But legal experts warned that overbroad requests for Trump’s personal tax filings could also backfire on Democrats and establish unwanted precedents.
“A fishing expedition into the president's taxes could open up politically motivated efforts to divulge others' taxes, at the price of privacy,” Harold Krent, Dean of the Chicago-Kent College of Law, told ABC News.
Krent suggested a narrower approach: “I would think that the House would be better off seeking particular returns as part of a larger investigation into the flow of Russian money, payments of hush money, etc., in order to cabin the precedent,” he said.
Andy Grewal, a law professor at the University of Iowa, is skeptical that a Congressional demand for Trump’s taxes would be proper because “there hasn’t been any evidence or allegation of wrongdoing in connection with the handling of Trump’s tax returns.”
Congressional Democrats have the “potential to shoot themselves badly in the foot,” Grewal said, pointing out that ninety percent of legislators don’t share their tax returns. Trump could use the same tax code provision to peek at their filings, he said.
Rudy Giuliani, a lawyer for Trump, has vowed to fight requests for the tax documents while the Treasury Department has signaled it would review the legality of a request, potentially prolonging the process via legal challenges.
Paul Rosenzweig, a former Whitewater investigator and senior fellow at the conservative think tank R Street Institute, said he believes Congress would ultimately prevail in a court battle over the returns, but the president “will attempt to play rope-a-dope and delay for as long as possible – most importantly, until after the elections in November 2020.”
Rep. Kevin Brady, R-Texas, the former Chairman of the House Committee on Ways and Means who chose not to pursue Trump's returns despite calls from the committee’s democrats to hold a vote, said GOP opposition is not necessarily over whether Trump should release his returns but more about "protecting the rights of every private taxpayer."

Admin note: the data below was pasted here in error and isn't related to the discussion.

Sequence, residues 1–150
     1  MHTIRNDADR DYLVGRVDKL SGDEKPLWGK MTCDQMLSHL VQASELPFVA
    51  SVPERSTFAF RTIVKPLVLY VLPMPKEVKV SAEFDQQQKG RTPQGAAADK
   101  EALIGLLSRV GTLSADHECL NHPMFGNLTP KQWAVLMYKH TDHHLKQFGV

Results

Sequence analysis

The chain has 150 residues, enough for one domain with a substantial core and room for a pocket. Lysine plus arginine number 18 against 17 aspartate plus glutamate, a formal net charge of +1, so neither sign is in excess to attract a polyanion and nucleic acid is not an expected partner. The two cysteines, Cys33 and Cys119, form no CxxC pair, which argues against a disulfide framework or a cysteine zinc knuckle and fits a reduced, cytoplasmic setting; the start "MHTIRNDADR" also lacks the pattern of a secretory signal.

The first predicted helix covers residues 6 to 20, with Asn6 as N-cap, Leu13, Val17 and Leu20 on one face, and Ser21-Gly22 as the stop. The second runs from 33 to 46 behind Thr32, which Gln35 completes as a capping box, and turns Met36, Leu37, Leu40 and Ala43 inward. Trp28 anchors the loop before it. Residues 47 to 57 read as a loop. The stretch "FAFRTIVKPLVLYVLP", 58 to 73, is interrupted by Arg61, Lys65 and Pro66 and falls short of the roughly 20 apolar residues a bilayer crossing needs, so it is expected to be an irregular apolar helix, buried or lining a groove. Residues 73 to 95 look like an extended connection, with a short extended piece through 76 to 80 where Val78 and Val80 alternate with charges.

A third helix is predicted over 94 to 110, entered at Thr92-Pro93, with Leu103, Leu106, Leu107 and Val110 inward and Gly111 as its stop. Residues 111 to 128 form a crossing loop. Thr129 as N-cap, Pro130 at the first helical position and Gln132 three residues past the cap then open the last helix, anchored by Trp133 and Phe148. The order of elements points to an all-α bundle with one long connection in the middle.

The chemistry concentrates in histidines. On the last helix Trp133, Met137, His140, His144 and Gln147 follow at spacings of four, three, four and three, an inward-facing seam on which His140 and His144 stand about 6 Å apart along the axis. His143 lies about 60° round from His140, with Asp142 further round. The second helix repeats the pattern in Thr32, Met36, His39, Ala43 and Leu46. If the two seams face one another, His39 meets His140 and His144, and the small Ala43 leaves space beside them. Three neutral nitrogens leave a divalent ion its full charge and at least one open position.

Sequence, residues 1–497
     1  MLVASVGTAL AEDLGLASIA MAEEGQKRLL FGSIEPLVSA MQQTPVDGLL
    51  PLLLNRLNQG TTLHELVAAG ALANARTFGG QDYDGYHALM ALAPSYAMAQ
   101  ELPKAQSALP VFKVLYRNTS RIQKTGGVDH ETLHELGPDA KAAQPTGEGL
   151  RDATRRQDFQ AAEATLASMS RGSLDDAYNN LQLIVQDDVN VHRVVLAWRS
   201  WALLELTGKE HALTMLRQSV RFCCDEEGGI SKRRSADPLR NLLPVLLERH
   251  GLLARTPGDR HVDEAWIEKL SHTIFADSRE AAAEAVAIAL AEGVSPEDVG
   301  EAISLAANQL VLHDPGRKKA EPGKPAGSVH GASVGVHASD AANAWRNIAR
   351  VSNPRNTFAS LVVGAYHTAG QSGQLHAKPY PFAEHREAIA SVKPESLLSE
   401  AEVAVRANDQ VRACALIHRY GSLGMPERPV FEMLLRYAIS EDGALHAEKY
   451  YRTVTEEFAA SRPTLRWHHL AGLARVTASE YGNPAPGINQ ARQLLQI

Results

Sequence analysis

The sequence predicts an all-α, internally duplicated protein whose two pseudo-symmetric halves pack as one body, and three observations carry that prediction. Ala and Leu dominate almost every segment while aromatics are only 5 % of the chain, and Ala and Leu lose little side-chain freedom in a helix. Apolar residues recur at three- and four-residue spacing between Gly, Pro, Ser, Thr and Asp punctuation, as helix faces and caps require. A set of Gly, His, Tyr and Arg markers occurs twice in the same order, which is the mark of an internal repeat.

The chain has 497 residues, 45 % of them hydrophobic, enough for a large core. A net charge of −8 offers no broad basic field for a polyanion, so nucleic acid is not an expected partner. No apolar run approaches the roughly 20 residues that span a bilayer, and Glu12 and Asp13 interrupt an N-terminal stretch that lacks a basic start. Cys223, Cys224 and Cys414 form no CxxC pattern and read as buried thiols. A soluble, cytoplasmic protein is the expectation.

"Weaponizing the tax code for political purposes sets a dangerous precedent," Brady told reporters last week. "Because if Democrats or any party can abuse their power to rummage through the tax returns of the president, what will stop them from abusing that power in the future frankly to target any individual American that they see as a political enemy?"
Rep. Bill Pascrell, D-New Jersey, a member of the Ways and Means Committee who led more than a dozen unsuccessful efforts to seek Trump's returns when Republicans controlled the House, accused Republicans of hypocrisy for criticizing the obscure provision after invoking it in 2014.
“We asked them to join us for two years because it should have been a bipartisan thing. But they protected the president,” he said. “They have every right to do that but they’re going to look like fools when it’s all over.”
Rep. Richard Neal, D-Massachusetts, the current chairman of the House Ways and Means Committee, has not yet requested the president’s returns from the Treasury. But he is expected to hold additional hearings to continue to bolster Democrats’ public and legal case for obtaining them in anticipation of the anticipated legal challenge from the Trump administration.
"The other side of this is that litigation could prolong it,” Neal told ABC News last month. “So we’re methodically doing it the way we said we would.”
ABC News' John Parkinson contributed to this report.